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It seems generally agreed that (even fresh, unprocessed) red meat is at least somewhat bad for human health. But why exactly is this the case? It's difficult to find any attempt at an explanation, especially for anyone not too familiar with diving deep into the medical literature.

Is it because the myoglobin in red meat is carcinogenic or otherwise harmful? That would seem to be the most direct explanation, and there are a few studies on this, but they don't seem to be widely cited in discussions on health effects of red meat. If that is true, would it mean that one should avoid dark, myoglobin-rich fish and poultry such as tuna and ostrich just as much as mammal meat?

Is it only because red meat tends to be more fatty? In that case, would leaner cuts of red meat have the same health effects as white meat?

Or is it possible that there is some deep genetic reason why the flesh of mammals is more harmful than the flesh of birds and fish for human consumption? (I had wrongly assumed this was a strange idea, but acvill's answer gives a plausible explanation.)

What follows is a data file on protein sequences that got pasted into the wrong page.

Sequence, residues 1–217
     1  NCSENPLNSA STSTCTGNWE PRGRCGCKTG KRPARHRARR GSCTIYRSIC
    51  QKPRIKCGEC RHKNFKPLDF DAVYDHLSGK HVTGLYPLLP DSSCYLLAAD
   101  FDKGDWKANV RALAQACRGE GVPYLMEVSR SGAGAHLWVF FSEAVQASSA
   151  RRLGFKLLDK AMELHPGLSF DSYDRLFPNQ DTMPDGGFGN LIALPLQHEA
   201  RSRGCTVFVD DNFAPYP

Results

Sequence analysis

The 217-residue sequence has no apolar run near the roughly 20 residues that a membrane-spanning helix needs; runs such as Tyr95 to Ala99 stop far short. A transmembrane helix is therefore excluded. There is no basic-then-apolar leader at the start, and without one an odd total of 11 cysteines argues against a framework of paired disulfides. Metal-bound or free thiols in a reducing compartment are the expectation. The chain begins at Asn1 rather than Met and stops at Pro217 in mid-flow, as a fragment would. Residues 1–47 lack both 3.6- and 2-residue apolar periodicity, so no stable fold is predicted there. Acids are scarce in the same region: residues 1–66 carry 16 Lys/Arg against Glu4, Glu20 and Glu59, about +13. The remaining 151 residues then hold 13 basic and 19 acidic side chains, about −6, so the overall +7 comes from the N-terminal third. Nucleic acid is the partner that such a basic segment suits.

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The gut microbiome is partly to blame, at least for the associations of red meat consumption with heart disease. Red meat has a high concentration of L-carnitine, which is metabolized by bacteria in the gut to produce trimethylamine, which is further metabolized by FMO3 in the liver to produce trimethylamine-N-oxide (TMAO). High blood levels of TMAO are associated with higher risk for both cardiovascular disease and early death from any cause.

Sources on the relationship between the gut microbiome, L-carnitine, and heart health:

New study links L-carnitine in red meat to heart disease

Red meat, TMAO, and your heart

Or is it possible that there is some deep genetic reason why the flesh of mammals is more harmful than the flesh of birds and fish for human consumption?

The NIH gives the following values for the carnitine content of different foods:

Food Milligrams (mg)
Beef steak, cooked, 4 ounces 56–162
Ground beef, cooked, 4 ounces 87–99
Milk, whole, 1 cup 8
Codfish, cooked, 4 ounces 4–7
Chicken breast, cooked, 4 ounces 3–5
Ice cream, ½ cup 3
Cheese, cheddar, 2 ounces 2
Whole–wheat bread, 2 slices 0.2
Asparagus, cooked, ½ cup 0.1
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